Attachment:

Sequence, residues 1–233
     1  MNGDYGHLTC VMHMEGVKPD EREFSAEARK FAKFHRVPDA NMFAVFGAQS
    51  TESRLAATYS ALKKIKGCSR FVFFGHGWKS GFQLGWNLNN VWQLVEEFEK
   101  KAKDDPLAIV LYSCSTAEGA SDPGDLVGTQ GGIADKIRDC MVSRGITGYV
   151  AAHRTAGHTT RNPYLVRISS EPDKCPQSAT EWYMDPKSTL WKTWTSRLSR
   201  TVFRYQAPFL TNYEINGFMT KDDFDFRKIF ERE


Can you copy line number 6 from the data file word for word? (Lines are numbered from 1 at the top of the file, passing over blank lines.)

   201  TVFRYQAPFL TNYEINGFMT KDDFDFRKIF ERE